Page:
We recommend this option as it’s the simplest and least expensive way to handle the financial assurance requirement. You simply do not collect any initial fees owed to you until you’ve performed all your pre-opening obligations and the franchisee’s business is open and operating.  The fee deferral option doesn’t require involvement from any outside institutions like the state or a bank.  While some states may require a written agreement to govern the fee deferral, such agreement would only be between you and your franchisee.  While there is some risk that the franchisee may walk away prior to opening, as long as they’re spending money on things like an attorney, incorporation or formation of an entity, and a real estate search, they’re less likely to quit.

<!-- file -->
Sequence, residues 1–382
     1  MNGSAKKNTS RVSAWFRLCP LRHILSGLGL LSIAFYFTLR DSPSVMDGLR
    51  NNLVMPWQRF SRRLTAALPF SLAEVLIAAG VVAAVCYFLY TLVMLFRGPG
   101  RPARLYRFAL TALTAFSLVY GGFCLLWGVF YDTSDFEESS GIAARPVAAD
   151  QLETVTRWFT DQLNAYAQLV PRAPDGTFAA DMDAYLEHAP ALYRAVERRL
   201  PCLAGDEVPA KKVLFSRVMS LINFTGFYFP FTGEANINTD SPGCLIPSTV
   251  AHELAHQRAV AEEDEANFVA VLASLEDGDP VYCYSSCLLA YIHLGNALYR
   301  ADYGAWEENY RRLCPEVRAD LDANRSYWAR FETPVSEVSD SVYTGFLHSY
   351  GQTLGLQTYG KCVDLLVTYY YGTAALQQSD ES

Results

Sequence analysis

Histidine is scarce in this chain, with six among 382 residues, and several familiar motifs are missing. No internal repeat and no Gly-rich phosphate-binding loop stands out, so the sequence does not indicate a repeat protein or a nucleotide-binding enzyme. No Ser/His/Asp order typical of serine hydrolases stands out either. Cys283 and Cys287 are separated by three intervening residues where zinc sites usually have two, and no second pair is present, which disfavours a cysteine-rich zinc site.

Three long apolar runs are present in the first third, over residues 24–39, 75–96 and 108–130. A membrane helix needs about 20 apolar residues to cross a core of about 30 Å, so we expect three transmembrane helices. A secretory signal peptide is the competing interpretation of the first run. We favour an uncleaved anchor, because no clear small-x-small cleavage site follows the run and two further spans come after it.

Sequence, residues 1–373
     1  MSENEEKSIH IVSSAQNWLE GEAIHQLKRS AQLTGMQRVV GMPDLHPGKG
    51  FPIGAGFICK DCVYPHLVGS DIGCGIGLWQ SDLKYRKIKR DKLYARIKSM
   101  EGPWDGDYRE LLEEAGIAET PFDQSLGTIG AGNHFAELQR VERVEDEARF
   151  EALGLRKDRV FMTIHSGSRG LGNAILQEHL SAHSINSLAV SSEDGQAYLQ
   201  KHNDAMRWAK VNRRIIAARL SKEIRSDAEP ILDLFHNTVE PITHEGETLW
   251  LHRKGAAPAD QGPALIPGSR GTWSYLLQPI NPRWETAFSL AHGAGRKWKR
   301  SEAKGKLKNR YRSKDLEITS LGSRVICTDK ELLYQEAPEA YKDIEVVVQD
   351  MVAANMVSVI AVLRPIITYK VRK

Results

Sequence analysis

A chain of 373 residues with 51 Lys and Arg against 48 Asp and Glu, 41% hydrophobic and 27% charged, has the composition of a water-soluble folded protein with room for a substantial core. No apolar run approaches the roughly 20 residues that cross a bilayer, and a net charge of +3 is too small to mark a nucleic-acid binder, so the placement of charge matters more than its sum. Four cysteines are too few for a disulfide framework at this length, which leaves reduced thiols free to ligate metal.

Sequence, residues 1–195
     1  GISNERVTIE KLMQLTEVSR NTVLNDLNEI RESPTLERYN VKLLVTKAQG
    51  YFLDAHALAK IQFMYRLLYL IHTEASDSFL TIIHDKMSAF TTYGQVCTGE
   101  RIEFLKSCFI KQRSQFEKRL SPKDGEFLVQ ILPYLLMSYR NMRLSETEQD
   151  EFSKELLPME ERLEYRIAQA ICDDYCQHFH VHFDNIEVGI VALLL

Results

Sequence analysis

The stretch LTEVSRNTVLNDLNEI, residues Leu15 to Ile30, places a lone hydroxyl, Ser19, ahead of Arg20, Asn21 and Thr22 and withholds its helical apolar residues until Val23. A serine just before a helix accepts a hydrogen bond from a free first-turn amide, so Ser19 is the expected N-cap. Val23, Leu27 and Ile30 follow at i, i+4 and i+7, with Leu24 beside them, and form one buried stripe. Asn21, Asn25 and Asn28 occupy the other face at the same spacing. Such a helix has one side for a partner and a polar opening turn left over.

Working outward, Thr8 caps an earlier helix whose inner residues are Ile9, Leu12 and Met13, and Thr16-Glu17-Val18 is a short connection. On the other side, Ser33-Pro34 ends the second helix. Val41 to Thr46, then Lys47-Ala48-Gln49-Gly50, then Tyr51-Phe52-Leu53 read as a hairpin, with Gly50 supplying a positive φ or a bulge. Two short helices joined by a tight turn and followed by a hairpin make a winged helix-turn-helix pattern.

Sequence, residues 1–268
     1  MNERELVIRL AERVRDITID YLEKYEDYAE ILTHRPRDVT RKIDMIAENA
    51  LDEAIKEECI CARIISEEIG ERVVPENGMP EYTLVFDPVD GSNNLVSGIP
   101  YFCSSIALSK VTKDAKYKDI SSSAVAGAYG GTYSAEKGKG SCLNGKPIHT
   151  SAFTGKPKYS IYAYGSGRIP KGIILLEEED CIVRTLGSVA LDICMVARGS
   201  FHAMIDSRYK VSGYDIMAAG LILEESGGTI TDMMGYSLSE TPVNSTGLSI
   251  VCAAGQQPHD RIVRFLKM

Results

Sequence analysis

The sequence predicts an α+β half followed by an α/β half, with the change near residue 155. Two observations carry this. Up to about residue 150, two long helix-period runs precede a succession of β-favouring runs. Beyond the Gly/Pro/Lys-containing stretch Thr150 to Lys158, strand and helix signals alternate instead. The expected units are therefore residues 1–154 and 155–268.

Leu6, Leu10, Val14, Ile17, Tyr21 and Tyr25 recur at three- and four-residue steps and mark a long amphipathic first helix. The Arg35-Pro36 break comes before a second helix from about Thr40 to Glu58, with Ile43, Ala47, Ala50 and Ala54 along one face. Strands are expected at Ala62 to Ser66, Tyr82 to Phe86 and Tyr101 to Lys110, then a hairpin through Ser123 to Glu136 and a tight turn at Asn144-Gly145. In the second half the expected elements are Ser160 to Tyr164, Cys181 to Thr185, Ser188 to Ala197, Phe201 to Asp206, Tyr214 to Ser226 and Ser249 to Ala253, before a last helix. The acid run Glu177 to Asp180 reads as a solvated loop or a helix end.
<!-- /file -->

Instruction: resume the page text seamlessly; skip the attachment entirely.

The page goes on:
The definition of “open for business” is something with which you want to be careful.  For a brick-and-mortar business, it’s easy – when they open their doors to the public!  For service businesses, a franchisee may be open for business but may not have a client yet.  You will want to discuss the definition of “open for business” with us so we so we can spell it out in your franchise agreement very clearly.